"It means," said Bors coldly, "that Mekin won't be accepting surrenders this week. Destroying the first division was bad enough. I got one off Meriden. Now that a third squadron's wiped out, Mekin will insist on somebody getting punished—and plenty! All right! We're leaving for Kandar now."

He nodded to the young man at the control board. He noted with approval that he'd kept the Liberty's aim exact while Bors talked to Morgan.

"Proceed," Bors ordered.

The young man said, "Five, four, three, two, one—"

There was the familiar dizzying sensation of going into overdrive. The Liberty wrapped stressed space about itself and went hurtling into invisibility.

This was one voyage in overdrive which was not tedious. Bors had to organize the ship for combat. He had to train launching-crews to work like high-speed machinery. He had to teach the setting of missiles for ranges he had to show how to measure. Once he stopped the ship between stars and all the launching-crews took shots at an inflated metal-foil target. The Pretender of Tralee displayed an unexpected gift for organization. He divided all space outside the ship into sectors, assigning one launcher to each sector. If an order to fire came, the separate crews would cover targets in their own areas first. There would be no waste of missiles on one target.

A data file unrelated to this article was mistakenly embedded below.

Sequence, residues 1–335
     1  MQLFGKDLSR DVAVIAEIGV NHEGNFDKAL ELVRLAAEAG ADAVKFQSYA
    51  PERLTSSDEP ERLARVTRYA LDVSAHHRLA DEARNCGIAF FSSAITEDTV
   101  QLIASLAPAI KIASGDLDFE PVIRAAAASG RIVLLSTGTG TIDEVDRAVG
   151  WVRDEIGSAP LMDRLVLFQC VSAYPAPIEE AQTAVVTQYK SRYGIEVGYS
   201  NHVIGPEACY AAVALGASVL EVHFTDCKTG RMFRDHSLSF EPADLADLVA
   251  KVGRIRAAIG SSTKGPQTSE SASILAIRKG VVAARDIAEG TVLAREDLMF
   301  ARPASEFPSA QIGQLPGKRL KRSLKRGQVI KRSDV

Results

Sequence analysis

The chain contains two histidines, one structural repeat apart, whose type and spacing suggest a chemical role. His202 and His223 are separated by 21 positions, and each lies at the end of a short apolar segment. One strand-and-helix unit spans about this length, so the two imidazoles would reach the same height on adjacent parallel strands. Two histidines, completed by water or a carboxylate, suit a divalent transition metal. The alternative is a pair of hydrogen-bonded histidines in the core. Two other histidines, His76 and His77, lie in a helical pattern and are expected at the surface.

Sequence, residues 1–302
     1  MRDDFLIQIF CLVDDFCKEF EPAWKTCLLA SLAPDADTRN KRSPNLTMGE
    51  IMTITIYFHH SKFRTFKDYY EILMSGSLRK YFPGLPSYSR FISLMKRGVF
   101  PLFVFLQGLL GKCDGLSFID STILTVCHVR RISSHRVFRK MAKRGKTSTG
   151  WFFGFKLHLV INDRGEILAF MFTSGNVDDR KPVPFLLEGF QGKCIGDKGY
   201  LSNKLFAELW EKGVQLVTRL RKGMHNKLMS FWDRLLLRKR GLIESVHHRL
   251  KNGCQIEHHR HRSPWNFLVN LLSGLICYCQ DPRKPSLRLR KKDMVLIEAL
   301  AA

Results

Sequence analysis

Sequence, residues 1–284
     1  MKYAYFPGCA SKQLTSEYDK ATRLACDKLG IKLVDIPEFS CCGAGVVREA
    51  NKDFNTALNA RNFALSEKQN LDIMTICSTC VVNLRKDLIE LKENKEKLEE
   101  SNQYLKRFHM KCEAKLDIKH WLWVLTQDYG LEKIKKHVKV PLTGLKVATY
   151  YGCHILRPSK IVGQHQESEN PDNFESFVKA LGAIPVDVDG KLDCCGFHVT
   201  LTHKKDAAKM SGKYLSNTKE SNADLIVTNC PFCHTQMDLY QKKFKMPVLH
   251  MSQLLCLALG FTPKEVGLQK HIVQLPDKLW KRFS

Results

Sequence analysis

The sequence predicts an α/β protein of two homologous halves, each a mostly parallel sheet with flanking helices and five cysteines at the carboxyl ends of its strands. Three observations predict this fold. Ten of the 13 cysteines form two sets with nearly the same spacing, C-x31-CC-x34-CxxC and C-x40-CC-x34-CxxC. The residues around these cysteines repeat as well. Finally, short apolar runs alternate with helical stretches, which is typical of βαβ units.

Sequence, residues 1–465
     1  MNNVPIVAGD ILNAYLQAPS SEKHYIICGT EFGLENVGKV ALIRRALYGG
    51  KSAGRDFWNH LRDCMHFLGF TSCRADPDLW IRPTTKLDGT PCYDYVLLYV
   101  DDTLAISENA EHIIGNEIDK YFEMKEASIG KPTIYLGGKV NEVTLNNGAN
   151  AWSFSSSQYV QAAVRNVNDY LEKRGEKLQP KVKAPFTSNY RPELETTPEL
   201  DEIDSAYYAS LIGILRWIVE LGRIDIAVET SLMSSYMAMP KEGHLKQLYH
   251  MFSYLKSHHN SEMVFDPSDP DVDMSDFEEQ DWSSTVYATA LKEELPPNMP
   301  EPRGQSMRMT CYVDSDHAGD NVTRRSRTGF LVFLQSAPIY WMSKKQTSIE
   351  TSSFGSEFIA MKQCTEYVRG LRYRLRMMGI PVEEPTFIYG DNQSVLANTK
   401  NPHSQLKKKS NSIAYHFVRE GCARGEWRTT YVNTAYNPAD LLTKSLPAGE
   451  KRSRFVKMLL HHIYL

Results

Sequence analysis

The Pretender would have made an excellent officer. He was patient with those who did not understand immediately. He had dignity that was not arrogance. In five days the Liberty was a fighting ship and a dedicated one. There were rough edges, of course. Man for man and weapon for weapon the ship would not compare with a longer-trained and more experienced fighting instrument. But the morale on board was superb and the weapons were—to put it mildly—inspiring of hope.